In this exchange, Northumberland is quick to retract his apparent lapse but he subsequently repeats the fault, both when he fails to kneel to Richard (3.3.75) and later during the deposition scene when he calls Richard ‘My lord’ (4.1.252). When Northumberland does not genuflect to Richard, Richard’s response is:

We are amazed, and thus long have we stood To watch the fearful bending of thy knee Because we thought ourself thy lawful king. And if we be, how dare thy joints forget To pay their awful duty to our presence?

(3.3.72-6)

Richard adopts the royal plural ‘we’, which reflects his status as the ‘lawful king’; however, he undermines that status by making it conditional (‘if we be’), as if inviting Northumberland to argue that he is not. The way Richard phrases this – ‘we thought ourself thy lawful king’ – likewise allows for the possibility that his belief that he was Northumberland’s lawful king is a subjective supposition rather than an objective fact. Of course Richard employs the phrase ‘we thought ourself’ ironically, but the effect is to allow his auditors the implicit scope to question his status and title. Richard uses the language of memory to upbraid Northumberland for his disrespectful attitude towards him: ‘how dare thy joints forget | To pay their awful duty?’ (my emphasis). His speech reminds Northumberland of the ‘awful duty’ owed him because of his ‘lawful’ kingship. For Northumberland, the forgotten ‘awful’ (reverential, full of awe) duty becomes a remembered present duty, which is ‘awful’ in the sense of being fearful, inspiring dread. Just a hundred lines later, Bolingbroke, as if having taken his cue from Richard here, urges his followers to kneel. But Richard’s reply is once again telling as regards his sense of identity:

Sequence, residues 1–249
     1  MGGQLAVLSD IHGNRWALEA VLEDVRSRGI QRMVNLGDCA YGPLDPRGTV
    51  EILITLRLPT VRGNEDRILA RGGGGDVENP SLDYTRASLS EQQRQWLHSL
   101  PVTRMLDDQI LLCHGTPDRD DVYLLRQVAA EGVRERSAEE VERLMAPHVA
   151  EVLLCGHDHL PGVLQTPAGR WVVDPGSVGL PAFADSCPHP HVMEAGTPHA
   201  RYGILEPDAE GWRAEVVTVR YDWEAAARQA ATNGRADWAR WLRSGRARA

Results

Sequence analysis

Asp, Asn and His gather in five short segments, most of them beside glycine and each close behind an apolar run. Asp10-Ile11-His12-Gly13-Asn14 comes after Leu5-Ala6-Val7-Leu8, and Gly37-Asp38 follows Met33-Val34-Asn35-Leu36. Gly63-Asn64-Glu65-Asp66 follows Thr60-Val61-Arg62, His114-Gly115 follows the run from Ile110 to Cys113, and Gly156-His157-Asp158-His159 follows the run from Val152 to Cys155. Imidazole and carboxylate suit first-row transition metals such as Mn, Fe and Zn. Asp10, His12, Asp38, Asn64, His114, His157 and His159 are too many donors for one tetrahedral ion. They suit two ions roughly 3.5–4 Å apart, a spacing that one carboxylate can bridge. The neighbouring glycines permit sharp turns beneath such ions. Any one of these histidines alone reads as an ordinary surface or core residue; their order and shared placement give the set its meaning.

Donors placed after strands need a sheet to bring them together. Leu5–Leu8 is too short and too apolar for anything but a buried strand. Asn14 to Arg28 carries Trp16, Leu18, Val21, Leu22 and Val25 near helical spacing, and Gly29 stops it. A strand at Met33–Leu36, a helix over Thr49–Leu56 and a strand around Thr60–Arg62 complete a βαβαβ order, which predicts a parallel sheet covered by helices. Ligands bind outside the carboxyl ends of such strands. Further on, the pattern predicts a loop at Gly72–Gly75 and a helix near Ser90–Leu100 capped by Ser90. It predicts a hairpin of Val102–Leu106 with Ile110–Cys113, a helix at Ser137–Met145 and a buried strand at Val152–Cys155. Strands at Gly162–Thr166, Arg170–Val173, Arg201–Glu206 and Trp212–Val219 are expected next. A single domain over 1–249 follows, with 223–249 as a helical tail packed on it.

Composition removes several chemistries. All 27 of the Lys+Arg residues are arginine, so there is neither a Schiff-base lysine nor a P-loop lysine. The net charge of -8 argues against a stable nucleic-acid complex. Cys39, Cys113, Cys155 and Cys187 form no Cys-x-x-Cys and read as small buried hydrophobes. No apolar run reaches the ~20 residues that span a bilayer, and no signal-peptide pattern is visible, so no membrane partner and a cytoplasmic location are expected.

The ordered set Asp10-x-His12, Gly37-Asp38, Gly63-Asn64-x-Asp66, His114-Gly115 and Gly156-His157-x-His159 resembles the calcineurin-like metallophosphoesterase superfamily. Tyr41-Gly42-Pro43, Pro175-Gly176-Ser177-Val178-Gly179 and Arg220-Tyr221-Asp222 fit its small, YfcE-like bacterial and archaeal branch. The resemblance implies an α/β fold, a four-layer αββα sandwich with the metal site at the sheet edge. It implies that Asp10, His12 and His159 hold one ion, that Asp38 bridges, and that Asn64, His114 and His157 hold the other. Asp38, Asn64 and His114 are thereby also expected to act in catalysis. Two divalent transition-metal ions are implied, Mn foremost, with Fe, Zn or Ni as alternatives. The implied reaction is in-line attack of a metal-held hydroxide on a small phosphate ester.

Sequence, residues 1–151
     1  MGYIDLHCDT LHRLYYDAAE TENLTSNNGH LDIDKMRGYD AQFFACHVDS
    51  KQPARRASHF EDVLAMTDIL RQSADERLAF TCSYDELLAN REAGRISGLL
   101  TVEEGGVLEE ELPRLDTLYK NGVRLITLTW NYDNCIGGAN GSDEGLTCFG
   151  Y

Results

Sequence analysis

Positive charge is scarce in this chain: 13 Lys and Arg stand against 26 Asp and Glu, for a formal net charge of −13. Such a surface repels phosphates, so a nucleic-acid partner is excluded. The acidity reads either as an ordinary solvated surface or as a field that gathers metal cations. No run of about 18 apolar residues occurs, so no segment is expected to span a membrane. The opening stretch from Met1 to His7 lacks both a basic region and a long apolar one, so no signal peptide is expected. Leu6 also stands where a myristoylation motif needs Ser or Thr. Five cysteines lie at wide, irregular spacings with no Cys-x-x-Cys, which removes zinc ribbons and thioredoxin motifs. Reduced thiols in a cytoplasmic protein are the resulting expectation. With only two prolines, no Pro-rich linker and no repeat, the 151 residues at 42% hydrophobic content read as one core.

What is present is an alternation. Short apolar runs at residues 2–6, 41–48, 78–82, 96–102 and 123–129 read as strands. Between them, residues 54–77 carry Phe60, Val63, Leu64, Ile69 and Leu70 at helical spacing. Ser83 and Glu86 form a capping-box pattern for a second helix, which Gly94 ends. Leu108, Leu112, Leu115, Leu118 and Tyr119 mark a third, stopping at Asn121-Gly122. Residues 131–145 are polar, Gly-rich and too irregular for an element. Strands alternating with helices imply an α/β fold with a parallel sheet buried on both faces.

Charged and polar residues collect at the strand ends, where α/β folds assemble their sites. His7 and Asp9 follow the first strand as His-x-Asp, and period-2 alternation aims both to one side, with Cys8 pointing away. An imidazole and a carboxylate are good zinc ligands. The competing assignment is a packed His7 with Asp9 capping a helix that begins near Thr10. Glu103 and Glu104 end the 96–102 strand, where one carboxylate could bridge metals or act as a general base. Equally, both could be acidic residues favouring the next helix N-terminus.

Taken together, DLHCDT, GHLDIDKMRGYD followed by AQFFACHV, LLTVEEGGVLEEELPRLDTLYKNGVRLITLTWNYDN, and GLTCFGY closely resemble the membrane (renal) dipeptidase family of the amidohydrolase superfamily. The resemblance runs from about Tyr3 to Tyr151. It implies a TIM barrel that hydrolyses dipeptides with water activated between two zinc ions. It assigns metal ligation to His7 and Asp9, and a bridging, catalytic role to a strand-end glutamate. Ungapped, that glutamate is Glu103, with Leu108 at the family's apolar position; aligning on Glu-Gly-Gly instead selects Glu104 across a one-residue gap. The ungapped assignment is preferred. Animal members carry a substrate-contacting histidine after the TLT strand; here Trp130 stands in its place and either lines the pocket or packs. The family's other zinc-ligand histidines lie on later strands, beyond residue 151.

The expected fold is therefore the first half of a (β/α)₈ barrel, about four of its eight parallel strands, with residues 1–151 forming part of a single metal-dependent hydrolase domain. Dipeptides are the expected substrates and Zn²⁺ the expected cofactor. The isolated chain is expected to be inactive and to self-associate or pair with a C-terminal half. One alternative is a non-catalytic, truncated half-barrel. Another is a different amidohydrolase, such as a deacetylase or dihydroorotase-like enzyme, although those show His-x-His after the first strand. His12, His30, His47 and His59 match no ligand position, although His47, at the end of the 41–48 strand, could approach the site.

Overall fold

BOLINGBROKE Stand all apart,
And show fair duty to his majesty. [He kneels down.]
My gracious lord.
RICHARD Fair cousin, you debase your princely knee
To make the base earth proud with kissing it.

(3.3.187-91)

Richard’s reply to Bolingbroke contrasts sharply with his response to Northumberland, not only because Bolingbroke makes a show of remembering and respecting Richard’s sovereignty (albeit somewhat belatedly), but also because Richard by this point has accepted that his title will be stripped from him. Five lines later he confirms this when he says to Bolingbroke: ‘Your own is yours, and I am yours and all’ (l. 196). Bolingbroke is, unlike Northumberland, Richard’s ‘cousin’ (l. 190) and thus of royal blood, but even so the change of tone reflects a radical change in his perception of himself.

  1. Marvin Spevack, ‘Beyond Individualism: Names and Namelessness in Shakespeare’, Huntington Library Quarterly, 56:1 (Autumn, 1993), 383-98 (pp. 386, 387). []
  2. William Shakespeare, Richard II, ed. Charles R. Forker, Arden third series (London: Thomson Learning, 2005). All subsequent references are to this edition. Act, scene and line numbers are noted parenthetically in text. []
  3. Spevack, ‘Beyond Individualism: Names and Namelessness in Shakespeare’, p. 389. []